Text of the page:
Ott Tänak secured his second career WRC win with a cool-handed drive through the final day of Rally Deutschland, having held Citroën supersub Andreas Mikkelsen at bay for most of the event.
Tänak was engaged in an early battle for the lead on Friday with Mikkelsen, initially losing the lead through that morning’s loop of stages, before resuming in first place by the afternoon and edging away with a near half-minute gap by Saturday.
With a comfortable gap, Tänak conceded a handful of seconds to Mikkelsen during Sunday’s stages, allowing the gap to fall to 16.4 seconds by the finish line in St Wendeler Land.
Mikkelsen starred on his return to the championship with Citroën, securing the team’s second podium of the season with an excellent drive to second place. He pointed to Panzerplatte as the highlight of his weekend, commenting on how he had finally mastered the stage after years of trying.
Sébastien Ogier took a calm and conservative approach to the final day, backing off and allowing Mikkelsen to increase his advantage in the last four stages. He was happy to settle for third given his chief title rival Thierry Neuville failed to score any points following his retirement on Saturday morning from a broken suspension upright, and failed to set a top five time in the rally-concluding powerstage, missing out on crucial bonus points.
Juho Hänninen stormed into fourth, winning the opening stage of the day and displacing the struggling Elfyn Evans. Evans had been in a rally-long battle with Neuville and then Hänninen for the position, but overshot a junction and stalled his Fiesta in the first run of Losheim am See.
He lost further time in the follow test, bemoaning his tyre selection and falling into the clutches of Craig Breen, having dropped 11.3 seconds to the Irishman over the course of the first Sunday loop. Breen reduced the gap further by winning the penultimate stage, and stole fifth away from a struggling Evans in the powerstage.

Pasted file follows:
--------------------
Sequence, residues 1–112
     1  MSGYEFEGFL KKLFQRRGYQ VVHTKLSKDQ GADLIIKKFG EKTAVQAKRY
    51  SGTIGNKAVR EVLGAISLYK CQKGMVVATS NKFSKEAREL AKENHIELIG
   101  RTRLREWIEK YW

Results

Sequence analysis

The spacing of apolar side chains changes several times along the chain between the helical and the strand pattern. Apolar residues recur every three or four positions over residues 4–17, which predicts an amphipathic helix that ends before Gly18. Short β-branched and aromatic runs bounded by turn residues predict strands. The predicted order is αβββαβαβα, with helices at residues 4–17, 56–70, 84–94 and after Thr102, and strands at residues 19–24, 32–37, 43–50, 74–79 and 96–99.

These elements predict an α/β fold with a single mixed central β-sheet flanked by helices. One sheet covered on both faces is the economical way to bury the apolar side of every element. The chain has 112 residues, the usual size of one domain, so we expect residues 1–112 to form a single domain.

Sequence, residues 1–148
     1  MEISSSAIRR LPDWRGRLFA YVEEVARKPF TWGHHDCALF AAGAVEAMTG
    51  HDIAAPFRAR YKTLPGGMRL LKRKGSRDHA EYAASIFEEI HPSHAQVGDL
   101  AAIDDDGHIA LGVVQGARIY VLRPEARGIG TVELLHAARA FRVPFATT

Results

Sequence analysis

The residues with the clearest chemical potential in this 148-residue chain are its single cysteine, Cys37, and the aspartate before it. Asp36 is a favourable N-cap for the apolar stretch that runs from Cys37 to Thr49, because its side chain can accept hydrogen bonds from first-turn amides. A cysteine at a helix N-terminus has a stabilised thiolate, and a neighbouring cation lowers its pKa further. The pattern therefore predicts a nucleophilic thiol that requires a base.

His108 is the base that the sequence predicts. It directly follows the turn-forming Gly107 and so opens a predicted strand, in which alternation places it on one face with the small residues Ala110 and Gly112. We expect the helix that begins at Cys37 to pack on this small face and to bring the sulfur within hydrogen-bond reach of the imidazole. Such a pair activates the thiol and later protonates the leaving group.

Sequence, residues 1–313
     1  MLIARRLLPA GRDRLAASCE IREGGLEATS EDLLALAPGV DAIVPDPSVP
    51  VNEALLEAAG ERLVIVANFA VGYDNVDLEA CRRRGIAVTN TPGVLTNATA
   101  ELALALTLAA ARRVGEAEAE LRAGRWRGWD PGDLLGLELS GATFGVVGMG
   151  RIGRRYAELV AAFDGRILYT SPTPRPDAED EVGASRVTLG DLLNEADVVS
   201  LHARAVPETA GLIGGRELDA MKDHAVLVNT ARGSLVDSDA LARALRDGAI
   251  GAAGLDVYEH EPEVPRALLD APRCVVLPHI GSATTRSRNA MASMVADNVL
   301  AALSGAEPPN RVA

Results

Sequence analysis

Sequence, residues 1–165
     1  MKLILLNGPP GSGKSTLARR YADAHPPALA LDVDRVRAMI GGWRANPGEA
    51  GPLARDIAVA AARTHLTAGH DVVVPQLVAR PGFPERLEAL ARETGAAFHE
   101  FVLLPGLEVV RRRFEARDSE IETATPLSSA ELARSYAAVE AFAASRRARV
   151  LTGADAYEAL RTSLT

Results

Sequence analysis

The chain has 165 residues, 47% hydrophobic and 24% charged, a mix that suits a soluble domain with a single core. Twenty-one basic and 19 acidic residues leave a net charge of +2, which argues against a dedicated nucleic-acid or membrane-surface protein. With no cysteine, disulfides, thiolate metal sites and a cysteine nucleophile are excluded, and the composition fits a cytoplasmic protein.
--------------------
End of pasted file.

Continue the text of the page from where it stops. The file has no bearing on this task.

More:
Jari-Matti Latvala was forced to contend with an engine misfire on Friday and a broken handbrake on Saturday on his way to seventh place. He finished half a minute ahead of Hayden Paddon in eighth, who had dropped nearly three minutes from punctures on both Friday and Saturday. The Hyundai driver felt his Friday had been confidence shattering, but recovered with more competitive times on the final two days of the rally.
The final points went to local privateer Armin Kremer, piloting a 2017 specification Fiesta WRC, and WRC2 class winner Eric Camilli in tenth, securing an extraordinary result for M-Sport. The Cambrian-based team secured five of the top ten positions between their manufacturer WRC and R5 entries, plus Kremer’s customer effort.
Dani Sordo secured maximum points from the rally-ending powerstage, returning from retirement on Friday after falling 80 metres down a bank. Esapekka Lappi went second quickest in the final stage, despite a near-miss from running wide in a flat-out right hander. It was yet more drama for the Finn, who had overshot a corner, ended up in a field and stalled his Toyota in the prior test.
Ogier strengthened his championship position with two bonus points in the final test, giving the reigning champion a 17 point lead in his quest for a fifth consecutive title.
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